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GP Week : Issue 170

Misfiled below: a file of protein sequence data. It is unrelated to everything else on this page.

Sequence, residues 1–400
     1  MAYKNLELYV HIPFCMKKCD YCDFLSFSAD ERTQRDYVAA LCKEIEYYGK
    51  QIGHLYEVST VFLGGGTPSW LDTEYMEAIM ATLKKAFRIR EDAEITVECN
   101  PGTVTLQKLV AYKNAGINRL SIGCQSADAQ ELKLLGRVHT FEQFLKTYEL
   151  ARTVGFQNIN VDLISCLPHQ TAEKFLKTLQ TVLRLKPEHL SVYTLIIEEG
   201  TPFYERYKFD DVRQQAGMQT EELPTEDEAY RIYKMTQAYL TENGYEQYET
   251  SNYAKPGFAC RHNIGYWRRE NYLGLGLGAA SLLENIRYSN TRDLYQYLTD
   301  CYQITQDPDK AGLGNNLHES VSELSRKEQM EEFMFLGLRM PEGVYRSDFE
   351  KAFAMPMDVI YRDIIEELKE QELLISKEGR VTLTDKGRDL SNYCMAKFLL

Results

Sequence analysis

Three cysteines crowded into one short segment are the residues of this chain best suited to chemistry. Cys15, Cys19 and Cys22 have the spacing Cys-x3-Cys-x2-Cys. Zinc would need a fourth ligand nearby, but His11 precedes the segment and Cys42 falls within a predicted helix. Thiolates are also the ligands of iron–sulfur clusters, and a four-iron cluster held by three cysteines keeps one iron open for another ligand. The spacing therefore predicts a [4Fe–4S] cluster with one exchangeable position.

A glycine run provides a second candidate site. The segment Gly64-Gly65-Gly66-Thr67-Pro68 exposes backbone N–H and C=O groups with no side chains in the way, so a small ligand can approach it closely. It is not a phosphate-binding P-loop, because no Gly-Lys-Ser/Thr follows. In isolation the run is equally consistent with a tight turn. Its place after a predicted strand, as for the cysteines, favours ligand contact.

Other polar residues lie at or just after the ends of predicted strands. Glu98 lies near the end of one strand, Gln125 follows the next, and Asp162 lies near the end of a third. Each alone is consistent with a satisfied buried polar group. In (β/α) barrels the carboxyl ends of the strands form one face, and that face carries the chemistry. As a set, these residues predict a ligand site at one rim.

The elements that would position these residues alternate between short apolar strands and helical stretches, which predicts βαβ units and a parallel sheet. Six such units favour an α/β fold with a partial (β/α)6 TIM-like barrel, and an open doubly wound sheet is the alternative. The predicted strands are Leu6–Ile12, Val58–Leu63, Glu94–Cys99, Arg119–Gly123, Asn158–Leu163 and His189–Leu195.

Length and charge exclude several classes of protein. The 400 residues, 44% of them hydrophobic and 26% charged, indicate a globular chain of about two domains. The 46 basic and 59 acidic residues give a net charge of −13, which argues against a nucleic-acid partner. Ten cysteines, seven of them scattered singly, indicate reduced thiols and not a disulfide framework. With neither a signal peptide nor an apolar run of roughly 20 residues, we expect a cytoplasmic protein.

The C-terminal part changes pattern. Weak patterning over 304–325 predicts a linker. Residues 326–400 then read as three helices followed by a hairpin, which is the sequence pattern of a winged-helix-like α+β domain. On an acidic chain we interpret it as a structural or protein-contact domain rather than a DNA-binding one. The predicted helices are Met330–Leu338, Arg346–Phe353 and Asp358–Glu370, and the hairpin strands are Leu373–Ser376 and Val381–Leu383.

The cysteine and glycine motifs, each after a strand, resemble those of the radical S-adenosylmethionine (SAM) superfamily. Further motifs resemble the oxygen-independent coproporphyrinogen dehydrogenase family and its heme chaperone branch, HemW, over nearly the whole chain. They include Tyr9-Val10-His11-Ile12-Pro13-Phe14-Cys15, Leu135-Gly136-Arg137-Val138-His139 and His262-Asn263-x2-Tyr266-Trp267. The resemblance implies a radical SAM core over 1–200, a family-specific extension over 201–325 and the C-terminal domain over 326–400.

26 GPWEEK.com // 26 GPWEEK.com // PARTNERS: F1 >>> SUZUKA alongside the Finn; both drivers gave each other room and the Briton, with the inside line for the first turn, squeezed Raikkonen’s black and gold Lotus wide to snatch fifth. Hulkenburg pulled off a masterful recovery from 15th on the grid to end up seventh. A collision with the barriers at Degner Two in FP3 left the young German’s mechanics with it all to do before qualifying, but swift work from Force India meant he was able to break into the top-ten shootout. The 25-year old navigated the wreckages and carbon-fibre at Turn 1 with relative ease and was already eighth when the Safety Car was deployed. He showed good pace during the first stint while behind Raikkonen and Hamilton, but lost ground as the race wore on and finished just ahead of Pastor Maldonado in the Williams. Perhaps the greatest recovery was produced by Webber. Having qualified second, the Aussie found himself at the very back of the field after being tagged by Grosjean’s wayward Lotus at Turn 2. But an inspired decision by the RBR pit-wall to switch him to a one-stop strategy paid dividends, as he was able to scythe his way back through the field to score a couple of points for ninth. The top ten was rounded-out by another Red Bull-liveried car – the Toro Rosso of Ricciardo. The youngster was embroiled in battles throughout the race, firstly going wheel-to-wheel with Webber and then holding off seven-time World Champion Michael Schumacher in the dying stages of the grand prix for the final points-paying position. Outside of the top-10, Caterham’s Heikki Kovalainen drove remarkably well. The Finn found himself as high as 11th during the first stint – keeping Jean-Eric Vergne’s Toro Rosso behind him – but eventually fell to 15th place when he was forced to take on a second set of fresh tyres with ten laps to go. Sauber’s Sergio Perez was among the retirements. The rapid Mexican was embroiled in an intense battle with Hamilton – the man he will replace at McLaren in 2013 – until lap 19 when he span and beached his Sauber in the gravel trap at the Hairpin. But, with five races remaining and the top four in the drivers’ standings covered by just 52 points, the battle for this year’s world championship is at a critical juncture. And as teams now head to Yeongam for next weekend’s Korean Grand Prix, Alonso’s demise in Japan will certainly have focused the mind for all those in the title hunt. A single mistake will be very costly. "A shame" ... but the championship race is wide open again DON’T FORGET! CLICK HERE To SUBSCRIBE to WEEK F1 >> MotoGP >> WRC .com NOW! and win a superb Casio Edifice